Paul Isaacs' Blog

Autism from the inside


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Paul Isaacs: Living Through the Haze 2nd Edition Review By Dr. Manuel Casanova 

 

Paul Isaacs’ book, “Living Through the Haze”, has been published (second edition). The book has new content, a new introduction and an afterword that I wrote. Paul was diagnosed as autistic in 2010. As a child Paul was considered to be a “naughty child” with no prospects for a future. At present Paul is a lecturer, trainer and consultant who promotes autism awareness throughout the UK. In the following paragraphs I provide the afterword that I wrote for “Living Through the Haze”:

Many times during his life Paul felt confused and detached from his surroundings. His attention could only focus on one aspect of his sensory experience. He lived his life as if wearing blinders, and as such, he could not react adequately to what people asked of him at home, at school or at work. His perceptual style made him seem odd to his peers. Parents, teachers and peers objectivised and bullied him.  In the end the reader can only wonder, how did Paul survive?

For many autistic individuals the environment overwhelms their nervous system with information.  Seeing a face is like looking at the sun. Blinking, when looking at the sun, is a response aimed at avoiding damage to your eyes by allowing only a sliver of sunrays to hit your retina. In autistic individuals, allowing only a sliver of available information into your brain is meant to protect it from overstimulation. Overall, autistic individuals can’t see the forest for the trees and it is easy for them to become thoroughly engrossed in the details of a particular situation but miss the larger picture.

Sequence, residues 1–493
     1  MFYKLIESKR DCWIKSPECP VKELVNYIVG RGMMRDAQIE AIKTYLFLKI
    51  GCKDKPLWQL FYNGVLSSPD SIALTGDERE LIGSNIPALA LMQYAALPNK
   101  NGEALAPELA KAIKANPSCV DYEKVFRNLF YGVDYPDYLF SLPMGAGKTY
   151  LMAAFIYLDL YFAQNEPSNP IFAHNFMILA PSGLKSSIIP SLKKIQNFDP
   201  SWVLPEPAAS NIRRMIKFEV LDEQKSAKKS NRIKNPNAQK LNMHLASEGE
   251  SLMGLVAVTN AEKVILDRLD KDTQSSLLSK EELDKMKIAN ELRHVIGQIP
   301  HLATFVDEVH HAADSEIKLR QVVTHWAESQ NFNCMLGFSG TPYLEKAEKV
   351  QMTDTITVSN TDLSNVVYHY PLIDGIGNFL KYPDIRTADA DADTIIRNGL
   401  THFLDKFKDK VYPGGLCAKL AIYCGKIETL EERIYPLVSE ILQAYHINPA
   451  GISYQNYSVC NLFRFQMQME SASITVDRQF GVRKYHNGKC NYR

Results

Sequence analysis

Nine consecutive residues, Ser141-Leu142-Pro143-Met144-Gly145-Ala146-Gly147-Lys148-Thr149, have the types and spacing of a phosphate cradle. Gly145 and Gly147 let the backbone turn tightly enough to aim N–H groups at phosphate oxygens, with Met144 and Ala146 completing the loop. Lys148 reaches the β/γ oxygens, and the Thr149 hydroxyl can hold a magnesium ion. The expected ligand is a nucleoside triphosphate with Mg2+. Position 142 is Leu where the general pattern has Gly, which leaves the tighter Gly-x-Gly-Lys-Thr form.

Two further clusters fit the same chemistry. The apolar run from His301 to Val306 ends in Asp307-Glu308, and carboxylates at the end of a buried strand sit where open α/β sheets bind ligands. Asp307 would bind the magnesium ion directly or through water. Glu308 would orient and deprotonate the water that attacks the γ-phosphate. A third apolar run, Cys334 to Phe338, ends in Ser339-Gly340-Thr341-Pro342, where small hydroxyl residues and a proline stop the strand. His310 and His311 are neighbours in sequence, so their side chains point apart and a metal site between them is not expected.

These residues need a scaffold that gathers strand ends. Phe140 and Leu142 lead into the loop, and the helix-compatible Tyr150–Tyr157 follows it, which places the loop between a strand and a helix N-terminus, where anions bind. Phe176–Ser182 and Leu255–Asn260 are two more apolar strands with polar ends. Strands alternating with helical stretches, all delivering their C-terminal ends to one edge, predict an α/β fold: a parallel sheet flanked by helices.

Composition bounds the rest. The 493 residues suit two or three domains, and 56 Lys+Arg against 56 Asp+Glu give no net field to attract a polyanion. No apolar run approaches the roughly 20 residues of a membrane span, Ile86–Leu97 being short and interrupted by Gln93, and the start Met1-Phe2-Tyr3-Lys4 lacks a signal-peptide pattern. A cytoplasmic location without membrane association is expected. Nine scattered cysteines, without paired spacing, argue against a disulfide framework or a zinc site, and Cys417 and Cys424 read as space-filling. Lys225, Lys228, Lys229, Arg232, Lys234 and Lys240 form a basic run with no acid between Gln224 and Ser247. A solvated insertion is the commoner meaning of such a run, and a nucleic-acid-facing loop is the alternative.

Paul grew up displaying many of the classical symptoms of autism. Unfortunately, as is the case for many autistic individuals, his diagnosis came late in life.  Still, he prospered and found fulfillment in being a speaker, counselor and in helping others like him. In this book Paul publicizes his own plight with some of the darker aspects of autism. Through no fault of his own Paul was misunderstood and relentlessly bullied by even those who were supposed to protect him.  The psychological and physical aggression that he suffered is at the crux of a mixed mood disorder that at times has greatly handicapped him.

So we can ask again, how did Paul survive? In a longitudinal study sponsored by the NIMH on so-called recovered autism, it seems that the most salient commonality for those that “recovered” was caring parents who were quick to act on behalf of their children.  Paul in this regard was blessed with caring supportive parents and grandparents. He also found solace and purpose in a special education camp outside of school, which he called the “Autism Base”. There he found others like him living within a spectrum of severities. More importantly, within the Autism Base he found comradely and a social sense of togetherness.